Thursday - 06.12.2003
Doc came back today after being in Miami for a couple of days to restock the lab. He brought back with him an Italian film crew, who will be here with us until the end of PIT. We spent most of the day doing a major clean-up of the lab to prepare for Doc's arrival.
At around 3pm, Grant, Kristene, Laura and I went out out to attach gangions and barracuda-baited circle hooks to all four of the long-lines.
Long-lines are anchored at both ends, and floats and baited gangions alternate along the length of the line. Each float is wrapped in reflective silver tape, and each gangion is wrapped in reflective red or green tape. Long-line checks involve driving along each line, looking for alternating silver and red/green floats. If a gangion is missing, it is likely that a shark has taken the bait and is resting on the bottom, pulling it below the surface. To get to the shark, one of the adjacent floats is pulled up with a boat hook and the boat is pulled along the line until the gangion is reached.
Ultra-realistic drawing by Grant Johnson
Once the shark is found, it is gently pulled to the boat, and the gangion is attached to the cleat on the stern. This is done because large sharks can fairly easily pull the boat in the water if they decide to run, and there can be risk of sinking if the boat is pulled in any direction other than forward. Once the gangion is cleated off, the shark's tail is secured by a tailer (a pole with an adjustable metal loop at the end), which is replaced by a hangman's noose cleated off near the back of the boat. At this point, the shark is considered to be secured to the boat, and the anchor is dropped to prevent drifting too far while the shark is being worked up. All sharks are measured and tagged with a Casey tag. In addition, lemon sharks are PIT-tagged and DNA-sampled.
I went out with the first line-checking team at 8pm (with Grant, Alan, Johanna, and Ruth), just hours after we had put fresh bait out. More than four hours later, we returned to the lab after fixing a broken line and working up five nurse sharks (all large males around 7' long) and one lemon shark (5 1/2' long). Nurse sharks are usually left for working up after all of the lines have been checked because they can stay hooked on the line for a long, long time without adverse effects. However, the lemon shark had to be worked up and released immediately. All of the sharks we worked up fought pretty hard, slapping us with their tails and twisting themselves up in the lines, but the tagging and data collection went smoothly. Because we had so many sharks, everyone on the boat rotated around between logging data, capturing tails, measuring, and tagging. Head handling and freeing the hook were left to Grant and Alan, who have both had a lot of shark handling experience.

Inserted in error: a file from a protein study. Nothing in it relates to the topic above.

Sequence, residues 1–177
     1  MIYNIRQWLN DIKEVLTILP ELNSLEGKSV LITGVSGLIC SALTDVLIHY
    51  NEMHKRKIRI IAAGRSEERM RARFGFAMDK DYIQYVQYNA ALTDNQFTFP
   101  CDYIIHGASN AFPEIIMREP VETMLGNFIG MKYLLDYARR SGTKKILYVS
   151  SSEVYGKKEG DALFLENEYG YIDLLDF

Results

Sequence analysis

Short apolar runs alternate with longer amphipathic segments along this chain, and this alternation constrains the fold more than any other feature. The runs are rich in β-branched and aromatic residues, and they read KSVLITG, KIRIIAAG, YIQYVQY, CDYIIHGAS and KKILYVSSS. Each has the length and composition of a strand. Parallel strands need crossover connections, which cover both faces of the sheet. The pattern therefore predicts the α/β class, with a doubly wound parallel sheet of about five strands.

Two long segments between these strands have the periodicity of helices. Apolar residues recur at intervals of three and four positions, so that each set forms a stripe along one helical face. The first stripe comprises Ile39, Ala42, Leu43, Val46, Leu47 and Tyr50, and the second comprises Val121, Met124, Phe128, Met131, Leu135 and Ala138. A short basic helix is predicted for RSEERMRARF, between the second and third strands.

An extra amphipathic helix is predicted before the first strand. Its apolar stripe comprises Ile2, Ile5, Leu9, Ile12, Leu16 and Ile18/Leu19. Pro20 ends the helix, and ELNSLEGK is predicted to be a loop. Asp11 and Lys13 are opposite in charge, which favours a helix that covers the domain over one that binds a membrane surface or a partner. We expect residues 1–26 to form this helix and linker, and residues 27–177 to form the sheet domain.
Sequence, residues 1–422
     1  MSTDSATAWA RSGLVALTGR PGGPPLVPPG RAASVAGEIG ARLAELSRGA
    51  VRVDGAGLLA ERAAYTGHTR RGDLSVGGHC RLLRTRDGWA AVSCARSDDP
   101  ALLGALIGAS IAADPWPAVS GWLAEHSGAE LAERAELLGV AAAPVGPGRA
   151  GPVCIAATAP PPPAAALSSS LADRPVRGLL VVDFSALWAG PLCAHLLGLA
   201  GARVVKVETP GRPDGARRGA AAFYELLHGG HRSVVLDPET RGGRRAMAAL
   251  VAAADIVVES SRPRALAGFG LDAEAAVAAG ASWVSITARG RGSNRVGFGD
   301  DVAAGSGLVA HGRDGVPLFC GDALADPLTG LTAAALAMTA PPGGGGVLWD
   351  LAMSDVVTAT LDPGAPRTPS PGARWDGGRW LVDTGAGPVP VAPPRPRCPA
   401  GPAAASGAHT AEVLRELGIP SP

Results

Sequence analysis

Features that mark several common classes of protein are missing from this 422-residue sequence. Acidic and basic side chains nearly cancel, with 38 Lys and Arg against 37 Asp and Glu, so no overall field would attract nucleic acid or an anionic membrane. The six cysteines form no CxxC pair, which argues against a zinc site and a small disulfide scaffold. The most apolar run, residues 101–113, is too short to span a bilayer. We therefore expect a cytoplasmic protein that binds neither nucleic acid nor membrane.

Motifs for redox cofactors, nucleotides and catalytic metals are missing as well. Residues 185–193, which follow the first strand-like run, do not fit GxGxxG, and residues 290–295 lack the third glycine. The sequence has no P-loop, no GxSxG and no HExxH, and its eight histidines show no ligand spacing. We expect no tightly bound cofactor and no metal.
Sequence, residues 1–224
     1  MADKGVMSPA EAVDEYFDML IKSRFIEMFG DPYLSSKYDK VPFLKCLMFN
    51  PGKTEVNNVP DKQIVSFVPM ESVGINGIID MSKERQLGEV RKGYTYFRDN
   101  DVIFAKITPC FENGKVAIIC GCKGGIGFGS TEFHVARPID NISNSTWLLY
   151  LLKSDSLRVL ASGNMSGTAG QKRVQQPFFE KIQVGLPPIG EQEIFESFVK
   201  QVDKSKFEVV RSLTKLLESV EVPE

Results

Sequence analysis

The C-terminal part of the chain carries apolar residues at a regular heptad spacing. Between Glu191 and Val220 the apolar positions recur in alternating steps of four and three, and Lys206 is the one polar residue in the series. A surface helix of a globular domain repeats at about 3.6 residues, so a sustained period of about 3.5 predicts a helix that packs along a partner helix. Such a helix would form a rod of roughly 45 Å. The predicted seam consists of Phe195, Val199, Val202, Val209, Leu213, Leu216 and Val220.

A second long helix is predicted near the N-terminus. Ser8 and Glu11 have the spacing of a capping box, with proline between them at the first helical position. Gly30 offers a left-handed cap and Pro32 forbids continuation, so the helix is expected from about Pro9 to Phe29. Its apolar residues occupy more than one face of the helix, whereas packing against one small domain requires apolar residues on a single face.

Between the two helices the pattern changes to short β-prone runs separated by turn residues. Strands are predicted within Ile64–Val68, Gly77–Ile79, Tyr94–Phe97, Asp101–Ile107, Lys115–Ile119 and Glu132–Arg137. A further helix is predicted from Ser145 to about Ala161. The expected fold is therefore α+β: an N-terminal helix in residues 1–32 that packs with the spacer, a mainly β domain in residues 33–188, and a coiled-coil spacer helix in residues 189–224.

I almost forgot! Being nurse shark mating season, all of the big males had huge claspers, which were engorged and slightly pinkish. Ruth spent much of the evening holding them because... well, how often do you get to hold engorged nurse shark claspers?? I measured one of them. It wasn't the biggest one we saw, but it was still 15cm in circumference and over 30cm long.
PIT Program 2003 Journal, Week 3+
Friday - 06.13.2003
Teams have been going out every five or six hours around the clock to check the long-lines, but so far nothing really interesting has been caught. Most of the sharks have been large, male nurses, with a few sub-adult lemons and a single, small tiger. If a large lemon or tiger is caught and it is not too stressed, the Sharklab is called via radio and everyone is driven out to see it.
Daily schedules have been somewhat erratic because we are long-lining and because a film crew is here. The lab still needs to be cleaned, but for the most part those people who are not currently out checking long-lines or sleeping go out in small groups to help the film crew. At about 3pm, Doc, Marta, Bryan and I took them out to feed the penned sharks in the North Sound. They have a pole-cam so they can get footage of the juvenile sharks without getting in and stirring up the sand. The film team kept exclaiming, "Lorenzini!" whenever the sharks would bump the camera (a little Italian pride, perhaps! The Ampullae of Lorenzini are the pits that sharks use to detect electric fields). The conditions weren't perfect, so we will try to return again tomorrow.
In the late afternoon, most of us joined the film crew for a shark dive, where I had fun taking snapshots of people underwater.
None of the teams after us thus far have pulled up anything interesting on the line-lines, but a crew went out to re-bait them this afternoon, so the late evening teams will probably find something interesting. :)
Saturday - 06.14.2003
I started my day early this morning with a 5am check of the long-lines with Kristene, Ruth, Katie, and Jackie (yes, Jackie did leave the house again!). The previous team had caught some nurse sharks and a small tiger shark, but we ended up catching only a single 230cm nurse shark. It was, again, a large male with engorged claspers. :) The sun rose beautifully behind a bank of big thunderclouds; it peaked out briefly through a small opening, lighting its innards like the center of a furnace.
A couple of hours after we returned from the field, we took four boats out to help the Italian film crew shoot a lemon shark swimming in the lagoon. In no time at all we found four good-sized lemon sharks, one of which we followed around by boat as the film crew shot footage with a pole-cam dipped into the water. I saw some of the footage they got, and it was stunning! Doc and the more experienced volunteers were amazed at how cooperative the shark was, and in no time the film crew had all they needed.